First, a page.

Thrifting Trend Poses a Threat to Economic Equality

Thrifting as a rising trend poses a potential threat to people of low socioeconomic status.


Leila M Ismail, Contributor

Thrifting describes going shopping at a flea market, thrift store, or garage sale with the intention of buying second-hand products for a lower price. Though reusing or repurposing clothes is highly sustainable and beneficial for the environment, mass production and increased urbanization in post-industrial society have completely changed the attitude that the average person has towards clothing. Increased affordability and decreased living space meant that one could afford more clothes and get rid of older clothes,  selling them to shops for a profit. This led to a large increase in the number of thrift stores during the 19th century.

While the industry of thrifting is undoubtedly profitable and sustainable, however, it exposed many injustices within the American economic system. During the 19th century, people who shopped in thrift stores mainly came from working-class families with less resources. At the time, many people believed that it was solely one’s own fault for being poor, an ideology that is surprisingly still prevalent during the 21st century. Thrifting was originally a buy-and-sell between people of lower socioeconomic status, who were already discriminated against for their different racial status, ethnicity, and religions that diverted from the Christian Anglo-Saxon norm in the United States.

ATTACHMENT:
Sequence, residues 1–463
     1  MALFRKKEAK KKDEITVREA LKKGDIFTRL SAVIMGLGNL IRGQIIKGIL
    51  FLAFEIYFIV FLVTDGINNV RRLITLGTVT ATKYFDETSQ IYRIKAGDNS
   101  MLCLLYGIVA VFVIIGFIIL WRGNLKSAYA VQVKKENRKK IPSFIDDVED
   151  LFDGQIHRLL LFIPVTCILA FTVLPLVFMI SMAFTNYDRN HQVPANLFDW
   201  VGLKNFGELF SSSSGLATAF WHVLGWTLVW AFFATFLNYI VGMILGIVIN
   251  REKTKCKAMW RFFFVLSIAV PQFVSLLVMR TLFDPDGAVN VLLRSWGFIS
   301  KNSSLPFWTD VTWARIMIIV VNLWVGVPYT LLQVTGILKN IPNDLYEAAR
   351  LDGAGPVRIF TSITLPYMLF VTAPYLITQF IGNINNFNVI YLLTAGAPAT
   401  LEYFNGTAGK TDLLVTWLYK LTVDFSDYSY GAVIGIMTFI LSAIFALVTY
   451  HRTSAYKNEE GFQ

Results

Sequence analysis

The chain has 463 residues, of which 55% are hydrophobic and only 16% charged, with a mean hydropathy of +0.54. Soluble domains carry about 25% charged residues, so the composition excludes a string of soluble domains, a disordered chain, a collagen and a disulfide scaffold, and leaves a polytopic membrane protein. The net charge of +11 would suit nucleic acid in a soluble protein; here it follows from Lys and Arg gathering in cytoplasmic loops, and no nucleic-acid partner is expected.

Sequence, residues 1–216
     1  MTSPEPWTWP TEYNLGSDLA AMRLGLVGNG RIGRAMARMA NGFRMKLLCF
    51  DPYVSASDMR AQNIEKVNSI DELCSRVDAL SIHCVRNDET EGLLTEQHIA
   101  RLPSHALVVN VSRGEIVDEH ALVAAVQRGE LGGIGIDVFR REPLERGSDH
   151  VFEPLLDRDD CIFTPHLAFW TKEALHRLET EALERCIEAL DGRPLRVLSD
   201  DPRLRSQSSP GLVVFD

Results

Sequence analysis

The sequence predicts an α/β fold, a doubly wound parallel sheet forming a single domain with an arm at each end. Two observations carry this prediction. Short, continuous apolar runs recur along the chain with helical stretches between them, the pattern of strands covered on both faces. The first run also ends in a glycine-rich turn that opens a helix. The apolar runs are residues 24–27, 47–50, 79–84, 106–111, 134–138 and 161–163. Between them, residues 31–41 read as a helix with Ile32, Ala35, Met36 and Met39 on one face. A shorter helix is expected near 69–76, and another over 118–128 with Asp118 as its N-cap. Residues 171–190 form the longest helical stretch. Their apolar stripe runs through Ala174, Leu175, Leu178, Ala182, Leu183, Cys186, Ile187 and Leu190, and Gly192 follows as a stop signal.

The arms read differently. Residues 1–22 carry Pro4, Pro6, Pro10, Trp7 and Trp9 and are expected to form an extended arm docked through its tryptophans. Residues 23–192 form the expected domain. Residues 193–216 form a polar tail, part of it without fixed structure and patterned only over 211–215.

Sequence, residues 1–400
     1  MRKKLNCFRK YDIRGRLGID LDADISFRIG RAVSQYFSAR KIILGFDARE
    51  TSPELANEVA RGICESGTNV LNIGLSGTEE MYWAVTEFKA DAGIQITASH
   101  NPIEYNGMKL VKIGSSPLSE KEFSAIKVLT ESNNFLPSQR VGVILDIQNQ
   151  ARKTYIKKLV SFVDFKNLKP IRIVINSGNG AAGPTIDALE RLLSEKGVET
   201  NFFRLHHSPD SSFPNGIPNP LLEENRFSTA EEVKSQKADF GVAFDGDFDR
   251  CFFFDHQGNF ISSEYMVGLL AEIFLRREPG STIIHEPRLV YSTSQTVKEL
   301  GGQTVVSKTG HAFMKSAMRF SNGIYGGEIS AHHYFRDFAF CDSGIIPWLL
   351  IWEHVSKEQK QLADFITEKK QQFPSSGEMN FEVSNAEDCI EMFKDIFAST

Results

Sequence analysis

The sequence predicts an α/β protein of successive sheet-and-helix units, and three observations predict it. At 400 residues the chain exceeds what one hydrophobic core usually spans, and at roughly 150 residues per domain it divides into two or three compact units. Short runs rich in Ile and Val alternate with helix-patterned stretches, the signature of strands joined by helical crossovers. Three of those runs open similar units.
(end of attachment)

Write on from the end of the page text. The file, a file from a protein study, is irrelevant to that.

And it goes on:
This discrimination based on economic and wealth differences was so prevalent that on May 3rd, 1884, the Saturday Evening Post printed an issue with a satirical story describing a girl getting smallpox because she purchased a dress from a Jewish-owned resale shop. This clear perpetuation of antisemitic and anti-immigrant sentiments in a “humorous manner” shows how normalized and propagandized this stigma was.

By the 1920s, thrift stores became as established and organized as department stores. They had a steady income of clothes from housewives who wished to feel virtuous for “giving back”, and the Great Depression and post-WWII era widened the clientele that shopped at and sought clothes from these stores. In the 1950s, thrifting first became a trend for the mainstream consumer, as vintage clothes became incredibly popular. Thrift stores then evolved into an affordable place to find unique, one-of-a-kind items and since that point, thrifting has consistently been either a stigmatized or trendy thing to do. 

A greater understanding of climate change and the concept of a personal carbon footprint increased the popularity of thrifting, as donating and buying second-hand clothes is incredibly sustainable.

History reveals that the industry of thrifting was created to support people of lower socioeconomic status. This fact has unfortunately not changed since the 1800s, and for many, thrifting is still the only affordable option for clothing. However, as thrifting grows more trendy and those who can afford more expensive items opt for thrift items, the cost of products rises. Though thrifting is an all-around good shopping option, prices could rise to the point where people dependent on second-hand clothes cannot afford their basic human need to have clothing. Thus there has to be an understanding that many people thrift out of need rather than for trends.

I believe that there is not a clear right or wrong for what to do in this situation, but if one who is not dependent on thrifting wishes to thrift, they should do it with the motivation of sustainability rather than fitting a trend or aesthetic. Everyone should be considerate of the fact that thrifting is a need for many and remember to treat people with the dignity they deserve.